Use patients, families as experts to improve quality

Hospitals could improve quality and safety if they engaged patients and their families in improvement initiatives, experts say.

Patients and family members "possess intricate knowledge and vastly different perspectives on care processes, communication and coordination systems," H&HN Daily reported, citing discussion from the Quality & Patient Safety Roadmap hosted by the American Hospital Association's Symposium for Leaders in Healthcare Quality.

But most hospitals haven't been able to leverage that "huge untapped potential" for improvement initiatives because they haven't effectively engaged patients and families, according to the roadmap.

One hospital system that has had success is Vidant Health in Greenville, N.C., which involves patient and family advisers "from the bedside to the boardroom," Vidant adviser Dorothea Handron says in the H&HN article. They participate on quality teams, review patient materials, join safety rounds, help with facility design and development of the electronic health record patient portal, and formally advise the board. As a result, Vidant reports it has reduced serious safety events by 83 percent and hospital-acquired infections by 62 percent.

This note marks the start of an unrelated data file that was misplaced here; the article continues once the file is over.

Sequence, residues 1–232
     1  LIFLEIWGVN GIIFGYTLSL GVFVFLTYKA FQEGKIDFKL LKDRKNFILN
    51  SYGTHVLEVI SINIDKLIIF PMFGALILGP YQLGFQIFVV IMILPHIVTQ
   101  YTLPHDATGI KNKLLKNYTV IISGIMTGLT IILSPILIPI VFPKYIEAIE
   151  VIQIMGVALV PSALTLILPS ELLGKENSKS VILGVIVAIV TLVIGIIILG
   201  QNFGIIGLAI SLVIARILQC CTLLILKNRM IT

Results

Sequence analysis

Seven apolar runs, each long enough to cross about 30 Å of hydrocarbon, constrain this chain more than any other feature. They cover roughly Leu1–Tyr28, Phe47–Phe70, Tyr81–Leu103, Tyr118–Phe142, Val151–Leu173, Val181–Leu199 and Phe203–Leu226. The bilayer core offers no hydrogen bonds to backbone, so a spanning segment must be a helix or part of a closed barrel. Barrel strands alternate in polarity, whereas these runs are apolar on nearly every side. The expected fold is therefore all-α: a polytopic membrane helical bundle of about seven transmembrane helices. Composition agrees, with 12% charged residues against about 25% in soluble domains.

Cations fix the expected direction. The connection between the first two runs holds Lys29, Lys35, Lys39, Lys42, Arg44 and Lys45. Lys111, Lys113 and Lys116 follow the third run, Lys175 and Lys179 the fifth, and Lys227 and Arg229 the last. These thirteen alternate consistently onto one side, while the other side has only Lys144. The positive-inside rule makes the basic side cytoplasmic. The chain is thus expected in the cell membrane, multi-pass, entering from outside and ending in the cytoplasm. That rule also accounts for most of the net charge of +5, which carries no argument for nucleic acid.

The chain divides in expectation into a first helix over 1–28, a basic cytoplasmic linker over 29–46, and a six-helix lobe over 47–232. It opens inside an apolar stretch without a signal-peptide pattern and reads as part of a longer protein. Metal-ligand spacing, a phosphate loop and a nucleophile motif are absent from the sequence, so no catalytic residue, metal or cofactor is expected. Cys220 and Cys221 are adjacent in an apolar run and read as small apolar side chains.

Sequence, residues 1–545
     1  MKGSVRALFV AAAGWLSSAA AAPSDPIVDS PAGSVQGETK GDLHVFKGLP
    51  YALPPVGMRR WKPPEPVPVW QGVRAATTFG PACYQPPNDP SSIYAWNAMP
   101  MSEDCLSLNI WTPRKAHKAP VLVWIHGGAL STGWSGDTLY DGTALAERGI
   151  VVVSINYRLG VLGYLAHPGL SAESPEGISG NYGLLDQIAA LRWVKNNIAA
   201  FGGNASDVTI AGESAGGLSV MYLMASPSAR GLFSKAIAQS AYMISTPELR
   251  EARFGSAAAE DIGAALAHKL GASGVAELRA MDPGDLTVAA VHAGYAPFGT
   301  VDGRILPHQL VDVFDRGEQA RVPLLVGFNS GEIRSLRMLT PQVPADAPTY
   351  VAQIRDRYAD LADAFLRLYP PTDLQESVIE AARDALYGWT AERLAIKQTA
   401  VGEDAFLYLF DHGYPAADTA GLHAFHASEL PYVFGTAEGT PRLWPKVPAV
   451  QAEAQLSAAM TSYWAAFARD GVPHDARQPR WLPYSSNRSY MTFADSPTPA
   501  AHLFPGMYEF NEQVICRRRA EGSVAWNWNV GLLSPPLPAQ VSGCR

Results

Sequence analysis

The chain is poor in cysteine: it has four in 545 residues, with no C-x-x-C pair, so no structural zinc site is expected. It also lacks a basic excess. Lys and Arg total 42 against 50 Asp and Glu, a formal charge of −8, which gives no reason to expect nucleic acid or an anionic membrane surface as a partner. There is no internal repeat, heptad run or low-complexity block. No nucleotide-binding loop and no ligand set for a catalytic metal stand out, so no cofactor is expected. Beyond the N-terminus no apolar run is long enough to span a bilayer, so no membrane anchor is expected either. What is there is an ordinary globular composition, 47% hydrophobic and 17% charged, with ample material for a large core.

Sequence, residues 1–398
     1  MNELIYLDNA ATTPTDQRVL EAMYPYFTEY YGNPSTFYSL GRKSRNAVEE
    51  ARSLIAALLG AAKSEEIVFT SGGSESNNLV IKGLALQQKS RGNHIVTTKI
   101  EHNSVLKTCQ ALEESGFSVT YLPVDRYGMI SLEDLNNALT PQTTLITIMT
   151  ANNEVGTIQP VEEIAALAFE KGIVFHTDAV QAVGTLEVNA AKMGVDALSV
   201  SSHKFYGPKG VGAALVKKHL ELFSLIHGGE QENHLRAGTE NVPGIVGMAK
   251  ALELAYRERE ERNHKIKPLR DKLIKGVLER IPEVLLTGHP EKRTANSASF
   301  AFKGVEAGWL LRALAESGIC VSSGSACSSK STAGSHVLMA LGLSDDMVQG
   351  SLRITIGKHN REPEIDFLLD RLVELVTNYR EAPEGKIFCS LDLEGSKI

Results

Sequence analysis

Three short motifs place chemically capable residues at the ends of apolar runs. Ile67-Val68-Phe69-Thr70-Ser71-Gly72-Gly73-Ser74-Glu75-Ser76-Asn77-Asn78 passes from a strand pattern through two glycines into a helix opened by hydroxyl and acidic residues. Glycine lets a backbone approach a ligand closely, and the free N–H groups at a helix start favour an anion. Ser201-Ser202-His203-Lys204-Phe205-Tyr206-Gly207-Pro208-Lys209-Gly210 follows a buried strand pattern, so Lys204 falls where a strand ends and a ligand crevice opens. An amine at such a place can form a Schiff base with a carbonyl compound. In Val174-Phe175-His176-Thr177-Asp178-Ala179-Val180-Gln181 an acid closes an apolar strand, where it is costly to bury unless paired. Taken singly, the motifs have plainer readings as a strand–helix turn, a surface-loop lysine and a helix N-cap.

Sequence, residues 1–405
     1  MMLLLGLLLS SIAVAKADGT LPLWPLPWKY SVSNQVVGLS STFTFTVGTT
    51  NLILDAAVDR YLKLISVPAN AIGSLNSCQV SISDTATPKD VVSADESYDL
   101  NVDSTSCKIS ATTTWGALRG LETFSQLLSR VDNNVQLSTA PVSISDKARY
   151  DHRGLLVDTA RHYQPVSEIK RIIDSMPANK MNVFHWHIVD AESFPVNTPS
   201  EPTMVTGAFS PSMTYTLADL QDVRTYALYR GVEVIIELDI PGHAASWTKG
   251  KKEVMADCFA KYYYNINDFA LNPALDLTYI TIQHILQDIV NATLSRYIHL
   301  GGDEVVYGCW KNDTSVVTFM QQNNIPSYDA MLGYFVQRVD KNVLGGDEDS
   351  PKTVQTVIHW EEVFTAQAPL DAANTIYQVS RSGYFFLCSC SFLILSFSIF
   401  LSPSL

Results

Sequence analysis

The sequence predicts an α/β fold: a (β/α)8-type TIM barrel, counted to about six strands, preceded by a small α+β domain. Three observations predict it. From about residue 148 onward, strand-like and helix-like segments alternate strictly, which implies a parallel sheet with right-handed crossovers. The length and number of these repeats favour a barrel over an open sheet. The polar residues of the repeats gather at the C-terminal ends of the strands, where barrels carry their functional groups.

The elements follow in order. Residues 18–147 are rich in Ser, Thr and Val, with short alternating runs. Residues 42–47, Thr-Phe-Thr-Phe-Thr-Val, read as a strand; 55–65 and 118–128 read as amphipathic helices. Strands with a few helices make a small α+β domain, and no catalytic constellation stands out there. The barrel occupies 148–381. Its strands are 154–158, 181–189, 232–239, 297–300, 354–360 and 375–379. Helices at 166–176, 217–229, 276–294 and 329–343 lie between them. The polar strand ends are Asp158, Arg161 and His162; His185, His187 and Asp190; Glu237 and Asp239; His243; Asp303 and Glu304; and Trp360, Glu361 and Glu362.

Roadmap discussion also focused on "hardwiring processes" such as checklists into the organizational culture to build high-reliability organizations, H&HN reported.

High-reliability organizations "employ human factors integration; they make it obvious to do the right thing and impossible to do the wrong thing," according to the article. "As a result, processes are immune to inevitable human errors."

Other medical groups also are studying how to build high-reliability organizations. American Anesthesiology focused its efforts on the operating room (OR), where it recommended empowering patient-safety champions who train the rest of the OR team to develop a safety-first culture.

In Connecticut, hospitals are taking a page from the aviation and nuclear-power sectors to develop systemic routines that reduce medical errors and improve safety and patient experience.

 For more information:
- here's the H&HN Daily article

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